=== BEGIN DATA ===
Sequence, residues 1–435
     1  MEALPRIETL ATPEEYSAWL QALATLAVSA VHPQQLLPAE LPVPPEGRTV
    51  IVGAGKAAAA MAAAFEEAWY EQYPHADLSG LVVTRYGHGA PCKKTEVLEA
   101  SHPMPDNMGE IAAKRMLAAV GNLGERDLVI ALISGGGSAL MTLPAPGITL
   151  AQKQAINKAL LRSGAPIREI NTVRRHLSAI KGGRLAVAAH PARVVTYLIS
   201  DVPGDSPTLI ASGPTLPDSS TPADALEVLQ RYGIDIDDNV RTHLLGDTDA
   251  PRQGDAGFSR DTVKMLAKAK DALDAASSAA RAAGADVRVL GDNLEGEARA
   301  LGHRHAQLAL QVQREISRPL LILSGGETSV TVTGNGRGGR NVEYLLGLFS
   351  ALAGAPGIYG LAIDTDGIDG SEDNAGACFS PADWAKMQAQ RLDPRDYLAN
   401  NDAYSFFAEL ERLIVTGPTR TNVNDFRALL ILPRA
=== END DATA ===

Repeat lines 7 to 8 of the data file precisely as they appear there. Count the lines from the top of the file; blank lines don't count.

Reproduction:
   251  PRQGDAGFSR DTVKMLAKAK DALDAASSAA RAAGADVRVL GDNLEGEARA
   301  LGHRHAQLAL QVQREISRPL LILSGGETSV TVTGNGRGGR NVEYLLGLFS